After back-to-back home-buying nightmares — where predatory practices left Louis Byrd with mounting bills from unexpected repairs — the Kansas City entrepreneur and creative force plans to launch a new blockchain-infused solution to increase transparency for homebuyers.
The first tech product from Byrd’s Zanago Design, Kataba is expected to allow potential buyers to verify titles, repairs, and warranties before making an offer. Set to launch in spring 2023, Kataba is expected to feature a marketplace built on blockchain technology for buyers and sellers to search and post properties.
“It’s almost like the real estate equivalent of Carfax,” said Byrd, detailing the use of Kataba’s digital ledger — called lejablox — to see what work has been done on the house in question.
The self-funded project follows two recent experiences where the Byrd family found themselves burned by contractors, lenders and sellers who hid significant problems with the houses they were unloading.
Byrd and his wife ultimately had to sell their first home at a loss because of the challenges. Their second didn’t fare much better.
A freshly-renovated 126-year-old home listed as having a new roof and updated plumbing and electrical, the house passed inspections well — before an ignored repair need by the previous owners turned into $2,000 in damage from leaking sewage, Byrd said.
“So here we are, again,” he said, noting a list of other problems that arose: freezing pipes because of missing insulation, incorrect electrical voltage for the laundry, a bat infestation. “Round 2 purchasing a home and a lot of these issues take place.
“We did everything right,” Byrd continued. “We had an inspection. We had a seller’s disclosure. … But the inspector can only see so much. The inspector can see what’s on the outside but not necessarily what’s behind the wall.”
Concerns also arose about the quality of repairs done by previous owners, he said, prompting the couple to question the home’s true history.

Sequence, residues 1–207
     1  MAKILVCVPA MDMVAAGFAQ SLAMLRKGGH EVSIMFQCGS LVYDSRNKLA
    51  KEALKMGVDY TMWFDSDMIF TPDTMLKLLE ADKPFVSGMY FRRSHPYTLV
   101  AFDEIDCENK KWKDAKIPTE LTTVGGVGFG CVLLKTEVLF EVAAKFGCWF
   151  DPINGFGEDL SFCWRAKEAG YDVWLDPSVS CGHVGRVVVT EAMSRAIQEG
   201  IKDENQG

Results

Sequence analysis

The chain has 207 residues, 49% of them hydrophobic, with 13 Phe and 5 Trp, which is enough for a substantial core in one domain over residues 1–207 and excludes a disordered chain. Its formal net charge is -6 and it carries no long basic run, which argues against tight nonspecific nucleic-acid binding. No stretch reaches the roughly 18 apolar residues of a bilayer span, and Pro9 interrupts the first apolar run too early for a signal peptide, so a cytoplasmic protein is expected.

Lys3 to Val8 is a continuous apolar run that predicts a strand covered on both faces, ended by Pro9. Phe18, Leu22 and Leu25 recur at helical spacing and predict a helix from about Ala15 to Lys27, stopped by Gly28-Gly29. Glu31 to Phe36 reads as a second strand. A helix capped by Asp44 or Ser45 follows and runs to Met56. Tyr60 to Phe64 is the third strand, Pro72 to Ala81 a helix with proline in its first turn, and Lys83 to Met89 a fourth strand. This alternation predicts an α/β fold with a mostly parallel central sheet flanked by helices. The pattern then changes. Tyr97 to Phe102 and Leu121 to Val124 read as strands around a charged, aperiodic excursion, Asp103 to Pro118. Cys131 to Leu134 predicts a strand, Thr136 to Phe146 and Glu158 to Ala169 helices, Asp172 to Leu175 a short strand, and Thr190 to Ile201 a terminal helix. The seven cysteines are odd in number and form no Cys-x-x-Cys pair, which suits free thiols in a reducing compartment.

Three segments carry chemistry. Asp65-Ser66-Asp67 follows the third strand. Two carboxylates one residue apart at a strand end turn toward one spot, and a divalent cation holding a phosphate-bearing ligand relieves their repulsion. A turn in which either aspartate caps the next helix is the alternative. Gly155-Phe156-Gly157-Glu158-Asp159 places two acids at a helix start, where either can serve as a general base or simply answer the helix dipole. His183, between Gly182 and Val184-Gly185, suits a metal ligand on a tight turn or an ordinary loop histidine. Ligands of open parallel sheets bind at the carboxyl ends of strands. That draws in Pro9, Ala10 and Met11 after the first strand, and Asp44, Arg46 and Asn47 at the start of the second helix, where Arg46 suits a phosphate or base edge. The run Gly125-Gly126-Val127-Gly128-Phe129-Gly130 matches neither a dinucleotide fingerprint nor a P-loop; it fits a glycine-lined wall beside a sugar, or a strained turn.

“That was the moment when I was talking to my wife and I said, ‘there has to be a better way,’” Byrd said. “People shouldn’t have to go through this when purchasing a house. Because in most other instances, if you buy something, if there’s a defect, if there’s a problem, obviously, you can take it back. And you can do that with real estate. But the challenge is — the legal process — there’s so much to go through.”
A direct data connection
Instead of just a standard seller’s disclosure that says electrical work was done, Byrd wants potential buyers to be able to see when the repairs were done, the identity of the company that did the work, the permits that were used, and how much the repairs cost, plus any warranties that are included.
“It gives me as a buyer a little bit more assurance that things were done properly,” he explained. “They understand exactly what they’re buying in this property.”
Unlike Carfax, a third-party platform for the automotive industry, Kataba will be a direct contract between the seller and the buyer and provides more legal protection in case something does go wrong, Byrd said.
“It’s on the blockchain, which creates an immutable, meaning that no one can tamper with it once that thing is minted on the technology, right on the blockchain,” he added.
Once someone buys a home, the owners will be able to add in their own repairs and maintenance to the lejablox.
“Now the property is more valuable,” Byrd said. “Because now I can sell it to somebody else and they can see everything that I did to take care of the house.”
Kataba is also expected to shorten the time between the sale agreement and closing, he added.
“Because we’re leveraging blockchain technology, instead of me having to wait for 30 days, 45 days for closing and all these things, well guess what,” Byrd continued. “We can get it done in 30 minutes.”
Another goal: Kataba is envisioned as offering a more equitable marketplace in a challenging housing market where inventory is low and many properties are getting scooped up by corporate companies and investors who pay cash, do minimal repairs, and turn around and rent them out at high rates.
“Part of it is also to create an equal playing field for people to be able to actually join the quote unquote American Dream,” he explained, “to have real estate (and) to get that first level of wealth within their family.”